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MAJORITY OF MORTGAGE INTERMEDIARIES IN DARK ABOUT REGULATORY PROPOSALS SAYS AMI

Amanda Jarvis

March 5, 2003

The Association of Mortgage Intermediaries (AMI) has today (5 March) published the results of a survey which tested mortgage intermediaries’ knowledge of the Financial Services Authority’s (FSA) proposals for the regulation of the industry. 

With mortgage regulation coming into effect in October 2004, AMI has been surprised by the lack of comment it has received about the issues facing the industry, from around eight hundred mortgage intermediaries who have registered their interest in becoming members of the new Association. 

AMI decided to publish a survey to test awareness of the FSA’s proposals.  The survey’s eleven questions, which were posted on AMI’s web site www.namba.org.uk last week (25 February), cover the FSA’s consultative papers which relate to: the regulation of mortgage sales (CP146); extending the regime for appointed representatives (CP 159); and the reform of polarisation (CP166). 

More than 200 responded to the survey within 48 hours of its publication on the web site.

The findings of the survey are as follows:

       Over 50% of respondents did not know that under the new regime, intermediaries will not be able to remain independent for mortgages if they are “tied” for other business.  

       Around 60% were not aware that capital adequacy standards were to be introduced and the majority were concerned about the requirements for PII cover.

    65% either knew little about the proposals to extend the appointed representatives regime or were unclear about what the proposals would mean for their firm.   

    Almost 20% of respondents have already decided that they will cease to provide full advice when the regulations come into effect. This is because of the additional costs which meeting the new requirements – which include an assessment of suitability and affordability – will incur due to the likely increase in the cost of Professional Indemnity Insurance (PII) cover.  

Other findings                  

Very few respondents had any real understanding of their responsibilities under the proposed financial promotion (i.e. advertisement) rules. 

A majority expressed concern about the proposed sales process. Whilst almost all understood the difference between advice and the non-advised filtering questions, very few appreciated that the additional requirements of suitability and affordability would apply to full advice only and the adverse effect this could have on the cost of PII cover.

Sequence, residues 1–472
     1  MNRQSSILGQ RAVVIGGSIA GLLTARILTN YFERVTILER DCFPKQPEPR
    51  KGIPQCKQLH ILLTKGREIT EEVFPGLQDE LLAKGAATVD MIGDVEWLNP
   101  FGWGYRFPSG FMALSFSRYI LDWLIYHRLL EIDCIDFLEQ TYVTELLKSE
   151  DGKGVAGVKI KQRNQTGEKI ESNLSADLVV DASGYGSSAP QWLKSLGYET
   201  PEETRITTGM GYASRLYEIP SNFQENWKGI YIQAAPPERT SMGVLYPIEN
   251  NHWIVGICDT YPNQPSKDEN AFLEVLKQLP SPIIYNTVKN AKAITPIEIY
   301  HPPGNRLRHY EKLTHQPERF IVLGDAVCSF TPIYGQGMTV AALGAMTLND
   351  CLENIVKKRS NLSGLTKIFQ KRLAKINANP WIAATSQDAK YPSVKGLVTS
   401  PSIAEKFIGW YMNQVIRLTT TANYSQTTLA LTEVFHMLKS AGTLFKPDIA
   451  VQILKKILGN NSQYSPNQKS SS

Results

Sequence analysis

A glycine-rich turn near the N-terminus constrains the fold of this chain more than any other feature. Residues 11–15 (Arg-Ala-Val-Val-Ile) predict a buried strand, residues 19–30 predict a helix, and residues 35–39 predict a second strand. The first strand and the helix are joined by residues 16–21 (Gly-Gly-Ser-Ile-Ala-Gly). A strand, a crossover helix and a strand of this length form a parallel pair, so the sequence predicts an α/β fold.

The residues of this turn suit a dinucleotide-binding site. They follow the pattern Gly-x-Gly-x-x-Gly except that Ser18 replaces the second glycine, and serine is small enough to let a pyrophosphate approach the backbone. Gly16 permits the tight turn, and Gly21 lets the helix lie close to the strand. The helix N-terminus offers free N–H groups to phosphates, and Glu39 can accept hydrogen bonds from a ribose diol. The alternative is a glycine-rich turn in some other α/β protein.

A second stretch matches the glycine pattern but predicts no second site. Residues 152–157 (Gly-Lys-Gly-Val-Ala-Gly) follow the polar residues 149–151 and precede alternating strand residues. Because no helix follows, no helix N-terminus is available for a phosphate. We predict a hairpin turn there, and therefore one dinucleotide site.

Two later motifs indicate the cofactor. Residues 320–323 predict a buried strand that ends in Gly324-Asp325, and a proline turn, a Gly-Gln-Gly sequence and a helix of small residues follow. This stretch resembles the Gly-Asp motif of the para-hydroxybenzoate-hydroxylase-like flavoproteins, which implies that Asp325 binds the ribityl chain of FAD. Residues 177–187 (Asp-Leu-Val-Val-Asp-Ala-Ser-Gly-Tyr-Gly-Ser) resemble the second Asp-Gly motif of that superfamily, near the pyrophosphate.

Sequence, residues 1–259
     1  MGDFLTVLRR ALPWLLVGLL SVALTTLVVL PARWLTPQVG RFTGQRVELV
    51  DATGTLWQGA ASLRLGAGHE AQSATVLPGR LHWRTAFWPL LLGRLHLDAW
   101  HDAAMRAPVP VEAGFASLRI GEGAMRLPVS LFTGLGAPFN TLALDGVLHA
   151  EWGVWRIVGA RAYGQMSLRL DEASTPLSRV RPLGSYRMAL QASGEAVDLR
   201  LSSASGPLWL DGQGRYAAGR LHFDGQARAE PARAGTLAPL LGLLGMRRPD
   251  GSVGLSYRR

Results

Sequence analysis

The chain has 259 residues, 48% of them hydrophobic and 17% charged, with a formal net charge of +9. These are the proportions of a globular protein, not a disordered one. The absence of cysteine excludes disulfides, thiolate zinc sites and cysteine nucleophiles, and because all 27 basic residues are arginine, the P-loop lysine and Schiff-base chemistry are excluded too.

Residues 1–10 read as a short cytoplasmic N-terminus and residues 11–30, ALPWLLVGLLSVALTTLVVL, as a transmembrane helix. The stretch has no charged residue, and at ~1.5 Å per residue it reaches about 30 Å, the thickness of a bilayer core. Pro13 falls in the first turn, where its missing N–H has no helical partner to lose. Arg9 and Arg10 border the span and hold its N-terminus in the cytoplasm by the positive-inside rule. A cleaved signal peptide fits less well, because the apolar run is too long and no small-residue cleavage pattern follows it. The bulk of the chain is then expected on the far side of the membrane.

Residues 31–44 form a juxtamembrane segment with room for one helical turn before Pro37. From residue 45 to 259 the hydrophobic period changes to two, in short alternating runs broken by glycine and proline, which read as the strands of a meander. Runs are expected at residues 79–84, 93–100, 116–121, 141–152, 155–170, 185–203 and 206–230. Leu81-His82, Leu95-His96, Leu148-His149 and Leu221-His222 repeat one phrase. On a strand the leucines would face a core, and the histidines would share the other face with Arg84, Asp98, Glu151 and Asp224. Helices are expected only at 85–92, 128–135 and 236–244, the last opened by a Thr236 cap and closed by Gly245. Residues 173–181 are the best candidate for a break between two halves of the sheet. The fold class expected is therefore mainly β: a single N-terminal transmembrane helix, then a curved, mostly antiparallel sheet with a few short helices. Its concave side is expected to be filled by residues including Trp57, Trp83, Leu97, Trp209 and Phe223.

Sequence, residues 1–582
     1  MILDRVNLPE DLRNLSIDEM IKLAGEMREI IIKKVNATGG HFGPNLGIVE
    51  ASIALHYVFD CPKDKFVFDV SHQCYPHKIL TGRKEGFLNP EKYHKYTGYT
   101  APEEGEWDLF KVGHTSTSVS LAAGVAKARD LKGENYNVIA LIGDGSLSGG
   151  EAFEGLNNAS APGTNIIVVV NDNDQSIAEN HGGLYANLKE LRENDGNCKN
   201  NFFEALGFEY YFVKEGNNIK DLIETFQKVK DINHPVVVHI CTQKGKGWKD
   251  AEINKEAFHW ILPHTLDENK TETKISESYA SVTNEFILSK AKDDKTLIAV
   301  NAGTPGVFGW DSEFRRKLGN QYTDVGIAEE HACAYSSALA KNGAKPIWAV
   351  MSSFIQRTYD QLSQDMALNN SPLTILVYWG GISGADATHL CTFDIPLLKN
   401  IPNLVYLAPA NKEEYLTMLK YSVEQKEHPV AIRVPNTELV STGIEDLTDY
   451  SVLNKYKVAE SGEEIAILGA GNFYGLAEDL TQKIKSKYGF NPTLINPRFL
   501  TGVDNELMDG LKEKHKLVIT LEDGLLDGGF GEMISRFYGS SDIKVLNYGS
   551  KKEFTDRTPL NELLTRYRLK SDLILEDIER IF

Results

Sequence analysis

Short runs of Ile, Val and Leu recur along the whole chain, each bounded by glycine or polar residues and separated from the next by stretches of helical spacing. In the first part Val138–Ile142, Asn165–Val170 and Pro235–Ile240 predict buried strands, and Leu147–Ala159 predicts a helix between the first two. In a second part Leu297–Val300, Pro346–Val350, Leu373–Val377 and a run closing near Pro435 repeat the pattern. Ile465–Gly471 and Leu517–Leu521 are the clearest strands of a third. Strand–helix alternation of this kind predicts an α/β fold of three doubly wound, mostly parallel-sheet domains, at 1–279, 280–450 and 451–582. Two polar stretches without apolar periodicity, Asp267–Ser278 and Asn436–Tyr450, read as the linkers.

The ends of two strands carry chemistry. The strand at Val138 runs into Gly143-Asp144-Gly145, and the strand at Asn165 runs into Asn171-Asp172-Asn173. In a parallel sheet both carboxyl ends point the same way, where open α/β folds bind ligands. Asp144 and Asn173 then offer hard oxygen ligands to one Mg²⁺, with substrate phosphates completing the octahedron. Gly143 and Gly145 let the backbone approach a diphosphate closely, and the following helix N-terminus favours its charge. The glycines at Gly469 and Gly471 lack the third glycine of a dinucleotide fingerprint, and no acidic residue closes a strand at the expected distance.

None of the respondents were able to offer a solution as to how affordability could be assessed (and therefore advice given) for self-certification mortgages. This is an issue which concerned so many respondents, that AMI has decided that it will address this matter separately in the near future.

The majority of respondents were unaware of the consequences of the FSA's  proposed approach to independence in the mortgage market. If the FSA decides that all firms who have access to the whole of the market (i.e. all lenders) are operating as independent, regardless of their authorised status, this will enable many appointed representatives to provide independent advice. For instance, an appointed representative of a life office may well have access to all lenders and therefore could be deemed to be independent for advice on mortgages.  Most of the respondents thought they would have to be authorised as an independent intermediary in order to provide independent mortgage advice.      

Commenting on the results of the survey, Charles Gooding, Chairman of the  Association of Mortgage Intermediaries, said:

“These findings demonstrate the very real need for the existence of AMI. Mortgage intermediaries are in the dark about how the new rules will affect their businesses and by when. Probably the most astonishing findings relate to the lack of knowledge about the FSA's broader proposals for appointed representatives and multi-ties.

Some mortgage brokers seem to think that they have all the time in the world to make up their minds about their future status. But this is not the case.  Firms will need to decide which status they are going to adopt to meet new regulations on depolarisation, which come into effect at the end of 2003, and in order to prepare for FSA authorisation. The FSA has made it clear that it could take up to six months to authorise those firms who are currently unregulated. It is vital therefore that firms begin making plans for the new regime as soon as possible.”

AMI intends to carry out further surveys of this nature and will be seeking the views of all those registered with the Association. To find out more about AMI and how to become a member, visit www.namba.org.uk


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